Hedda Sterne review

4 out of 5 stars
Hedda Sterne review
Hedda Sterne 'Horizon XVIII' © The Hedda Sterne Foundation Inc, ARS, NY and DACS, London (2019). Image courtesy of Van Doren Waxter and Victoria Miro

Time Out says

4 out of 5 stars

All semi- or totally abstract paintings involving horizontal bands of naturalistic colours look like the sea. That’s the rule, right? You stare at the alternating thin and thick strips of blues/whites/beigey-yellows, take a calming breath, and go, ‘Ah yes, the sea – how lovely!’

Hedda Sterne’s paintings of horizontal stripes – completed in the early 1960s and shown as a group in this small exhibition alongside a set of works on paper – look like the sea. Sort of. That would actually be the easiest thing to say about them, to describe the cool oceanic tones interrupted by sunset-perfect golds and then throw in the word ‘seascape’.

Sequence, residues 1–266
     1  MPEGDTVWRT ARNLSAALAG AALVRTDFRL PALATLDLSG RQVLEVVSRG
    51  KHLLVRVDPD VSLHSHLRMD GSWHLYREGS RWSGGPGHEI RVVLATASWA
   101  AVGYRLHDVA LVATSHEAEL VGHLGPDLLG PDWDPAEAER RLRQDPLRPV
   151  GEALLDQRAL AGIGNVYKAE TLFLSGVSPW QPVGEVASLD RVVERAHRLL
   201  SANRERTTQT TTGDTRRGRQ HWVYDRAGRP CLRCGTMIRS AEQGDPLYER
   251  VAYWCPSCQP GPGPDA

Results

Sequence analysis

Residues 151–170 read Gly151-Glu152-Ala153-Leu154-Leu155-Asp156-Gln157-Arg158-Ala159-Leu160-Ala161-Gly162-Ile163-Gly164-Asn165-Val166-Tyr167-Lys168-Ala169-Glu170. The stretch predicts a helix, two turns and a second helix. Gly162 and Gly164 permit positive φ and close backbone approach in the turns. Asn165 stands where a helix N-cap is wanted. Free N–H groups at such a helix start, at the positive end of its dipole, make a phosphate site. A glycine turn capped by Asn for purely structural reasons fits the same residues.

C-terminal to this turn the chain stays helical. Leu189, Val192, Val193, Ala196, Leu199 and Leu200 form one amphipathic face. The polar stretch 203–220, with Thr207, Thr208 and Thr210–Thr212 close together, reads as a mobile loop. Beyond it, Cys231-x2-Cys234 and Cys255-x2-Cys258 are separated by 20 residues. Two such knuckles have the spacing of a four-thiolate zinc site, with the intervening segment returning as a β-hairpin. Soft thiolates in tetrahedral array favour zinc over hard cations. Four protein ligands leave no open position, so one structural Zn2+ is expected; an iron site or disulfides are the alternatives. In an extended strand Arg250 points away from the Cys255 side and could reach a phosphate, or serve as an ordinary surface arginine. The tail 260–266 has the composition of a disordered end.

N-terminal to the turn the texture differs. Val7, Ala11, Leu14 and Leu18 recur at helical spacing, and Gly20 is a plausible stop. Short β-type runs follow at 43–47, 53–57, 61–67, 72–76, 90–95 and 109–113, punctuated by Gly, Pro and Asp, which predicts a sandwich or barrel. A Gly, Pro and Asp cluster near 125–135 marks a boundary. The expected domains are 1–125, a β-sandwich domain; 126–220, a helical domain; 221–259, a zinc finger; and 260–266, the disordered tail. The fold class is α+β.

But Sterne’s paintings aren’t simply sea-like. The artist is associated most with abstract expressionism. And although these works don’t possess the brashness characterising that movement, there’s a boldness here which makes them far too solid for a watery landscape allusion.

They look, instead, like intense close-ups of industrial architecture. A nosedive into a steel girder, a get-to-know-you with some copper piping. Or, in another instance, like the bed’s-eye-view of a white emulsioned skirting board sandwiched between swept floorboards and varnished wall panels.

If there is a coastal comparison waiting to happen, it would be fair to say they resemble the sea as viewed from a train window, with flood defence, rock, shingle and water blurring at speed into smooth, clearly delineated sections.

Sterne called four out of eight of these works ‘vertical horizontals’, the long narrow canvas slicing through the painted lines like a knife through a rainbow cake. Which invites the thought of what would happen if they were ‘horizontal verticals’. Mentally spin them 90 degrees (or I guess, if you own one, literally flip it around) and the marine qualities disappear altogether. Then they look like mossy green woods, black oily streaks and tarnished metal. Or, you can forget it all and just call it: the sea.


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